Saturday, November 18th, 2017

The key to a sustainable local economy is flow and confluence. I once visited the little town of Hinesville, Georgia, which is situated right outside the gates of the U.S. Army’s massive Fort Stewart. Like many military towns, Hinesville features long six-lane boulevards lined with crummy retail strips. Every massive block seems to include the […]

For the past two years, we’ve been assisting organizations and communities to become more resilient by incorporating whole-systems thinking into every aspect of their enterprise, from strategy to daily operations. Whole-systems thinking is a habit of analysis and decision-making that looks at the interrelationships of the constituent parts of a system rather than narrowly focusing […]

“The systems view looks at the world in terms of relationships and integration” -Fritjof Capra Okay, now we probe to the very core of systems thinking: connectivity.  You’ll recall that in our first discussion, we defined a system as “an integrated set of elements that perform a desired function.” That’s not the only definition of […]

Until now, our brief explanations of systems, scales, shocks, and flow have been little more than table-setting. With conditions, we begin to move into the heart of whole-systems thinking, which is all about assessing conditions, mapping connections and capabilities, and achieving life-capital in a flow with change. As we noted in our discussion of shocks, systems […]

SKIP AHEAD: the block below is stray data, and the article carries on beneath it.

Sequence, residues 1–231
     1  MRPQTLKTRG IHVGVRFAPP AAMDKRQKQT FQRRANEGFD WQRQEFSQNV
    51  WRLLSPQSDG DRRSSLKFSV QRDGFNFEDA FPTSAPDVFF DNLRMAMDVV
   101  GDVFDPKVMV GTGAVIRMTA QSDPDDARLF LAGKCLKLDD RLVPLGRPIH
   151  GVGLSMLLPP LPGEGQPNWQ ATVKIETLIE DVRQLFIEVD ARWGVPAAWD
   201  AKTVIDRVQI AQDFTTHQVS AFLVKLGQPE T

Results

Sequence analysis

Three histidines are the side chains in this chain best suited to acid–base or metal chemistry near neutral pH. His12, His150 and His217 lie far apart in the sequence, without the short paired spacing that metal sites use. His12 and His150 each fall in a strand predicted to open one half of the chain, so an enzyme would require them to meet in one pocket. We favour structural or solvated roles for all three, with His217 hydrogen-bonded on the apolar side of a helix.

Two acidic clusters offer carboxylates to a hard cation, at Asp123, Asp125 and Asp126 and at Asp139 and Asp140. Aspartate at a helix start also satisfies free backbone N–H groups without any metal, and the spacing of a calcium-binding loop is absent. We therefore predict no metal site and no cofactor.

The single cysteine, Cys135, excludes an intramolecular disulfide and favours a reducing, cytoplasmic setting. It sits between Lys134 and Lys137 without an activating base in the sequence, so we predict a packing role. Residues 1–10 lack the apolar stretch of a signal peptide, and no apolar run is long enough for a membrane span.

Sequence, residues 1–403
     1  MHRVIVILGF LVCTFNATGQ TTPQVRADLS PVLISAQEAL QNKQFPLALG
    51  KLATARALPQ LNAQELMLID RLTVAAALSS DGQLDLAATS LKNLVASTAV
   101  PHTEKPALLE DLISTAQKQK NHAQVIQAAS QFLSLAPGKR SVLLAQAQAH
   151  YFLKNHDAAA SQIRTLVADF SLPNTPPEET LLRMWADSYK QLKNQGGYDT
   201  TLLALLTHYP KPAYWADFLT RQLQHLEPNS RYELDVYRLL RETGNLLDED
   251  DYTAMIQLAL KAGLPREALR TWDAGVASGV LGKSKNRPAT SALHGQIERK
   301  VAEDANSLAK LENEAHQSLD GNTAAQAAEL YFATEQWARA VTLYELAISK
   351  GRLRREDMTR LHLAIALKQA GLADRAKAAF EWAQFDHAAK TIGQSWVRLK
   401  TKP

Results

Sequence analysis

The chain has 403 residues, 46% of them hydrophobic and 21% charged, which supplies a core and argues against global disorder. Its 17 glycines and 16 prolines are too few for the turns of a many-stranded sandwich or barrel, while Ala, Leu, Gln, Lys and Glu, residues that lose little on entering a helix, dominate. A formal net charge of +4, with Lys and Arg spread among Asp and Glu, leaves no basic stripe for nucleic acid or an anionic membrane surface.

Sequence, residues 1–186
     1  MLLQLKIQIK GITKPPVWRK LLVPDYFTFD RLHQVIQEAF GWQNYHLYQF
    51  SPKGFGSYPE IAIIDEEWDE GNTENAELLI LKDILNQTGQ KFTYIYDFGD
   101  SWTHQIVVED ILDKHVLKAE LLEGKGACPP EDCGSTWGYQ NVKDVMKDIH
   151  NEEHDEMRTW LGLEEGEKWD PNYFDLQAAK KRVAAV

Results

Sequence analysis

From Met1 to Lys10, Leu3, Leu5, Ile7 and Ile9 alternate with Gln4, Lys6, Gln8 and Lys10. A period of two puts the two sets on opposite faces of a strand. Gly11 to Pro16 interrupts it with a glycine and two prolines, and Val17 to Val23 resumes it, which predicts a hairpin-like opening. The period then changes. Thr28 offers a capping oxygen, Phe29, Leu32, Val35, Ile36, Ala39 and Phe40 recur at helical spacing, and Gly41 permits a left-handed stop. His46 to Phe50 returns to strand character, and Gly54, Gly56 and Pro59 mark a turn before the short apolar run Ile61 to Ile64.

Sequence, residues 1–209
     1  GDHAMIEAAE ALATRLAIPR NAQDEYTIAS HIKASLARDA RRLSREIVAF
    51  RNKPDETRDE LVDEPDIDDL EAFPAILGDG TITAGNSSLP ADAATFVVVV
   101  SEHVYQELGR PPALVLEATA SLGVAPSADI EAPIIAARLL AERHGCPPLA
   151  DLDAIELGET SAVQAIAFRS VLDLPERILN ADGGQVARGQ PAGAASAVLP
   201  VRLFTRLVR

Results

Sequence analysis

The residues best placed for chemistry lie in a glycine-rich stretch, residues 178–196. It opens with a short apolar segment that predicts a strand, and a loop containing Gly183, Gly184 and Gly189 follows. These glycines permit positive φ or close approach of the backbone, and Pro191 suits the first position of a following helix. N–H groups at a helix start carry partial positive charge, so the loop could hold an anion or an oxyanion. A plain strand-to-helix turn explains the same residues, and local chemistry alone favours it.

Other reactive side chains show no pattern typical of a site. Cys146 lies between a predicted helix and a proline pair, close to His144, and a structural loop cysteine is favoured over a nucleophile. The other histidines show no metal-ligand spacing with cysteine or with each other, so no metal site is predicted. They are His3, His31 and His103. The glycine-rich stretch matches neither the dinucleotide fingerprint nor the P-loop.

Every system exists and operates in a wider context characterized by ever-changing conditions. Automobiles, for instance, operate on roads that may be bumpy or smooth. Thermostats monitor temperatures that alternate between warm and cold. Cell phones are tapped, dropped, tossed, and sometimes submerged. A political system is shaped by scandal, war, or the economy. Your body’s […]

A system can be defined as an integrated set of elements that perform a desired function. Although systems vary in complexity, they all share some basic elements. A stock flows into the system and is subject to some form of control, such as rate or temperature. The stock is then catalyzed or depleted in some […]

As practitioners of whole-systems thinking will find, we talk about achieving ‘flow’ as one of the goals of practicing the thinking. But it’s important to reflect on what ‘flow’ is, and what it is not. Flow: What It’s Not First of all, flow isn’t apathy. It doesn’t denote a withdrawal from the world. Quite the contrary, in […]

When we ask ‘is the coffee good?’ from a whole systems point of view, we’re asking much more than ‘does the coffee taste good?’ That’s because there’s a lot more to that cup of coffee than just how it tastes going down.